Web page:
Day 5 – Sandiaoling (三貂嶺), Fulong Beach (福隆海水浴場)
This day started with a series of adventures trying to figure out the trains around Taipei. It really wasn’t that hard, but it’s more difficult than the MRT. Fortunatley the people in Taiwan are some of the nicest anywhere and several people helped up figure it out. Our destination was Sandiaoling, a tiny stop that was barely even had a building for buying tickets at, and no other buildings in sight. Walking along the tracks eventually leads to a small village and a path into the hills. The hike was pretty, there weren’t a lot of other people (and those that were there were fun and great to talk to), and at the end of the path was an amazing waterfall. It seemingly came out of nowhere, falling fifty or sixty feet over from an overhang (which means I got to walk up and behind the waterfall). This is one of my favorite things in Taiwan, it’s a really amazing place that seemingly not a lot of people know about. Getting back on the train we heading out to Fulong Beach, the most popular beach in Taiwan. It had what you’d expect from a beach – sand, waves, salt – but it also happened to have a sand sculpture exhibition being shown. I’m not a huge beach person, but I admit this one is nice and I enjoyed myself.
Day 6 – Travelling to Hualien (花蓮) , Downtown Hualien
Travelling to Hualien turned in to its own adventure as we bought the wrong tickets and briefly got fairly well lost, but it was mostly a relaxing ride along the coast. My research about Hualien said it was mostly a tourist basecamp for getting to Taroko Gorge, but I ended up loving Hualien itself too. The city has a huge downtown/night market area with food and tons of shops. We stayed at the Sleeping Boot Hostel and the girl working there, Hedi, was so nice and helpful. I just about couldn’t stand to leave when it was time to go.
Day 7 – Taroko National Park (太魯閣國家公園)
Taroko National Park is advertised as this amazing gorge with beautiful sights at every bend. And it was! The gorge has eight or nine bus stops and the three we got to were each better than the last. One moment which sticks in my head is a time we were taking the bus between stops and came around a bend. The water in the river is vividly green. The marble walls were practically sheer from that pretty water until a thousand feet up they were lost into the thick clouds. That image, the water and the wall and the clouds, is more picturesque in my mind than any of my pictures managed to capture.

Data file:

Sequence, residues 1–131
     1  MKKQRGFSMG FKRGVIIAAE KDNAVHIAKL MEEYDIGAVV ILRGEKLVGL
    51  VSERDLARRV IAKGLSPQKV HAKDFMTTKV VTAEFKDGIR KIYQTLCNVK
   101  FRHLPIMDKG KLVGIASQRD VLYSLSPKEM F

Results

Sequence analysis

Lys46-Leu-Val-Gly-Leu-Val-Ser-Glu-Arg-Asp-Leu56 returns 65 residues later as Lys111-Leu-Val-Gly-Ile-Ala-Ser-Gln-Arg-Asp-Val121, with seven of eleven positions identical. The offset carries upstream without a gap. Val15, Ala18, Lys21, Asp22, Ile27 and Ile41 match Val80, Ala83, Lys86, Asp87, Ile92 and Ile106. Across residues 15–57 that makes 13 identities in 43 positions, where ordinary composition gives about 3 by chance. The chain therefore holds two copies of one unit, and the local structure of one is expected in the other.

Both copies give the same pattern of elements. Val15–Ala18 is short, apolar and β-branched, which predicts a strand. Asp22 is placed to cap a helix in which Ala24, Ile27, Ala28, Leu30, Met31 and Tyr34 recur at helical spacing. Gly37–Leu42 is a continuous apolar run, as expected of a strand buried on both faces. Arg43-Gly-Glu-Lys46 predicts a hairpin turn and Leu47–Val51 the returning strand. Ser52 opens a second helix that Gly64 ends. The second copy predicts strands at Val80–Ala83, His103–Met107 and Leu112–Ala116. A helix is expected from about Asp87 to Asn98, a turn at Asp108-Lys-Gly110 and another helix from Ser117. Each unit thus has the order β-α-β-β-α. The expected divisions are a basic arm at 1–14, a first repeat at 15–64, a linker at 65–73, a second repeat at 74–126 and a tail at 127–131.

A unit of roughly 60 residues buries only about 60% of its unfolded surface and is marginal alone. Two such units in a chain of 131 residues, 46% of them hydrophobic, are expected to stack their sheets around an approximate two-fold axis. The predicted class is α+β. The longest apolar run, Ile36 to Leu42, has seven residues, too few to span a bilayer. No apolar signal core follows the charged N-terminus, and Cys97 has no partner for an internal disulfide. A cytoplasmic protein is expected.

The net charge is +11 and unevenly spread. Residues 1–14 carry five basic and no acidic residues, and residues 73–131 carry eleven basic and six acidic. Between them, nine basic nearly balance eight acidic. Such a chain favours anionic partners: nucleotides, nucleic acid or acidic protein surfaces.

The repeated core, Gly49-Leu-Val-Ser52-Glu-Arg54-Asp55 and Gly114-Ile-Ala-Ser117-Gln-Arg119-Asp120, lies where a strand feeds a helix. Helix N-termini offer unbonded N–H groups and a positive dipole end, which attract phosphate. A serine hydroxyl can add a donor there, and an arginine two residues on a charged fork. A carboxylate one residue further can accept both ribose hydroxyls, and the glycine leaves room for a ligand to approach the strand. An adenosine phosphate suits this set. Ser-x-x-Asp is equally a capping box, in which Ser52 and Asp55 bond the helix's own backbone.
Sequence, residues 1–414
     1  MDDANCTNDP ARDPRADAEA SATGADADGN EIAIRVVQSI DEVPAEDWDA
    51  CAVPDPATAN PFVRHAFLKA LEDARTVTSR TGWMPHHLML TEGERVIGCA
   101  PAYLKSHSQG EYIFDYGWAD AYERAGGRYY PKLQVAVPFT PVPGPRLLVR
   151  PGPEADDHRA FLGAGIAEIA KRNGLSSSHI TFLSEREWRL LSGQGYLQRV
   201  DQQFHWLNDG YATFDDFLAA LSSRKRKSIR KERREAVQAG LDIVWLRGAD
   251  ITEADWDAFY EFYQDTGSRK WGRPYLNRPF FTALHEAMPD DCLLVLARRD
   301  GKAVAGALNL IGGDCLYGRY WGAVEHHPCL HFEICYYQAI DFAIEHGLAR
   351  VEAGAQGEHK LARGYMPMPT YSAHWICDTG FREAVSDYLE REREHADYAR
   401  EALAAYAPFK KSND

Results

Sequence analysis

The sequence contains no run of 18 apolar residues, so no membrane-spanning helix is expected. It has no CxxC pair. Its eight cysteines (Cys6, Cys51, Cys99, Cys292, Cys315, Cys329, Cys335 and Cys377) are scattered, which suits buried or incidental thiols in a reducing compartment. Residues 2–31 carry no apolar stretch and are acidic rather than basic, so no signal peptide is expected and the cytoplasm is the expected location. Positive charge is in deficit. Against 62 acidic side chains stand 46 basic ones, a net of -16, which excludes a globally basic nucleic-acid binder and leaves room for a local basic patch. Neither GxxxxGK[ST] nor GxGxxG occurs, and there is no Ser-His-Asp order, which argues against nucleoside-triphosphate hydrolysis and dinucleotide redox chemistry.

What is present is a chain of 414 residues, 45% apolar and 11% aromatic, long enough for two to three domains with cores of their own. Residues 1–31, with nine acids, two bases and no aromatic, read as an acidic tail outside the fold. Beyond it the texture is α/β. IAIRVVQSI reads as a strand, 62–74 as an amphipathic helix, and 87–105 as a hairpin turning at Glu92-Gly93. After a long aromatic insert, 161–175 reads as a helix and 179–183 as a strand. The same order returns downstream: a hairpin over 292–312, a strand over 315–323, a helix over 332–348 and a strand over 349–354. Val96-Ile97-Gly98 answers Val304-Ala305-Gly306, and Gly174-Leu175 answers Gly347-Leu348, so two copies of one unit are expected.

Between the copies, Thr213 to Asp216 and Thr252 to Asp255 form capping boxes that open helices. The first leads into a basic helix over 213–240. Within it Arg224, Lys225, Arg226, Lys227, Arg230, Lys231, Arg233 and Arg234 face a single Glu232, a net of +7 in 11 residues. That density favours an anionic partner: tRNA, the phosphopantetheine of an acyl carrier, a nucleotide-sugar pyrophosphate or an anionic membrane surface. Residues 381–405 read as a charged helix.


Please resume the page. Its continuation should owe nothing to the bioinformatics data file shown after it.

Day 8 – Back to Taipei, Core Pacific City (京華城)
The next day I sadly said good bye to Hedi and went back to the big city for a couple days. By this point we had started to run out of steam so we decided to just head to a mall and look for souvenirs. What a great decision! The Core Pacific City mall was big and modern. It had tasty food, cheap knickknacks, expensive souvenirs, and random stuff to do. I even set the record at the punching game in the arcade! U-S-A U-S-A-…
Day 9 – Xindian (新店)
Down on the far south side of Taipei is Xindian. It’s a nice, modern area which I think must have just recently pushed the jungle back. We found a trail through the jungle to a hill overlooking the city to the north and the hills to the south. On the way back we stopped at a nice restaurant and had something to drink. I’m sure it was Milk tea because I drank ridiculous amounts of that while I was there. That night we ate at a restaurant near the hotel and got to talking with some guys in a table next to ours. They turned out to be awesome, like everyone else in Taiwan, and even bought us beers until we couldn’t stand it anymore. So nice in Taiwan :)
Day 10 – Leaving
Not much to say, we left pretty early. It’s always interesting to see how the normally busy city streets are practically empty early in the morning.
On top of all these things there was of course a huge number of random shops and tiny restaurants. I ate more street food than restaurant food and I think was better off for it. I loved meeting random people in restaurants or on the street. I wasn’t able to speak much Chinese with anyone over there, a combination of my bad pronunciation and the speed of their talking was too much for me. On the other hand most people I met spoke at least a little English, and many spoke almost flawlessly. I’m still going learning though and will be better next time.